We basically had the afternoon free. Most of us went to the Inner Harbor to shop and look around. (Some stayed behind to play games.) My two daughters, a friend, and I meandered around the Harbor. At the mall a couple approached us asking if we knew of a shelter that would take them in. (Most shelters are either just for men or just for women.) They said no one in the mall had been helpful and no one would even give them water to drink. I say what I'm about to say not to pat myself on the back, but to confess my weaknesses....for a brief moment I wanted to give the vaguest of answers and not get involved. For a brief moment I wondered if these people were really needy or just playing on sympathies. For a brief moment I wanted to "pass by on the other side". Then I was reminded of why I was in Baltimore. How could I be excited about ministering at the Helping Up Mission, how could I be blessed by passing out ice cream and water at the homeless park and not respond Christfully to someone on the street. Can you put on and take off Christianity like a T-shirt? If you can, then you're not really a Christian. I told the couple that we were tourists in the area and didn't know of a place that took in both. But we'd be glad to buy them some water and a little something to eat. We walked together to the food court. My friend and I bought them some pizza and drinks and prayed with them before leaving. Instead of patting myself on the back and feeling good, I feel badly about my hesitation, no matter how brief. It was a lesson in humility.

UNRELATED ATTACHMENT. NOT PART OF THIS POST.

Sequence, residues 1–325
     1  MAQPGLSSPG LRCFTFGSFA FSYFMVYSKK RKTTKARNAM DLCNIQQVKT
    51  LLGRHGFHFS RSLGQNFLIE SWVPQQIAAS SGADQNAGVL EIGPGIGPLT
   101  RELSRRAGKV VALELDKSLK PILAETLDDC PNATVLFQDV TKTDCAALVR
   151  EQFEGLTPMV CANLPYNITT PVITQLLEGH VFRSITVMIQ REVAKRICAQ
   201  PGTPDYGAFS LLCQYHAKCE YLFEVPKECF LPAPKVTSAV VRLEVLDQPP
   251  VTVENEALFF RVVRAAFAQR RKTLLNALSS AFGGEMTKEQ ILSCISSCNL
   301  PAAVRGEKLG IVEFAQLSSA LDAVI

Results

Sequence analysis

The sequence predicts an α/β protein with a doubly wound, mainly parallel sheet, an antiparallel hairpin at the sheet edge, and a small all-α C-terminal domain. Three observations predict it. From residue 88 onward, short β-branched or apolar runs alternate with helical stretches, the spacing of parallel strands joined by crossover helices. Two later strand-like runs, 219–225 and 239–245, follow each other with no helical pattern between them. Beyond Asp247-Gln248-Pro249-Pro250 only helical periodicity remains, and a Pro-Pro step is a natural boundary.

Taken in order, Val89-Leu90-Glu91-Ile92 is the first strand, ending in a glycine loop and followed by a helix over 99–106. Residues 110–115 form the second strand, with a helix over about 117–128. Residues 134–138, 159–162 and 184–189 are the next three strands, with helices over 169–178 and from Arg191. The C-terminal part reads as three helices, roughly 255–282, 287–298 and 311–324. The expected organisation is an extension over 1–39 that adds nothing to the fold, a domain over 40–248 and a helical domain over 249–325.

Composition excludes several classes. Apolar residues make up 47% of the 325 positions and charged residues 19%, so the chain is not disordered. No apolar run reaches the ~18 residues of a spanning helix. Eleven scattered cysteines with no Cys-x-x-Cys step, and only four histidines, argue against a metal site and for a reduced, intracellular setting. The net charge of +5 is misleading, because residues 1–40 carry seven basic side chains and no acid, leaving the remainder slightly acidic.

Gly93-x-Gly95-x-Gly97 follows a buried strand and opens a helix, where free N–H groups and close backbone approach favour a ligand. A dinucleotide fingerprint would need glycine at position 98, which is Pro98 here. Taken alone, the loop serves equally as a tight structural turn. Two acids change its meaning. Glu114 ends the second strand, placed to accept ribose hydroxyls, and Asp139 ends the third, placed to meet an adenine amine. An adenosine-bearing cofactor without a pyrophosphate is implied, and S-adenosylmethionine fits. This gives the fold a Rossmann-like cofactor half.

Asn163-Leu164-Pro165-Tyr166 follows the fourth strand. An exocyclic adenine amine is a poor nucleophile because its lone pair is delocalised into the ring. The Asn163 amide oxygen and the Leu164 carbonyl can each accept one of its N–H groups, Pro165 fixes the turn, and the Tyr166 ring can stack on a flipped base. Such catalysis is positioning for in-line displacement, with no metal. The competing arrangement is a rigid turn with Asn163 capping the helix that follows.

If you think about it, say a prayer for Chris and Becky.
Thursday, July 12, 2007
Instead of putting door hangers on door knobs, we passed out little packs of mustard seeds with the church's website on them. The idea is to capture people's attention and make them curious about the church that is coming. Altogether our team handed out nearly 750 packets. Since the target group is the creative/artsy group in the city, the church planting team is made up of mostly creative/artsy people. People like Cameron who is a violin major; Maria, a sculptor; John an artist, and our guide Steve, a student at the Peabody Institute majoring in classical guitar. We got a peek at the first library in Baltimore which is housed at Peabody and is gi-normous! (I feel so cultural!) Earlier in the day my oldest daughter fell down the steps and scraped her knee, so Steve took my team to his apartment to clean it up and get a bandaid. He lives at what used to be the Stafford Hotel....Francis Scott Key stayed there once upon a time.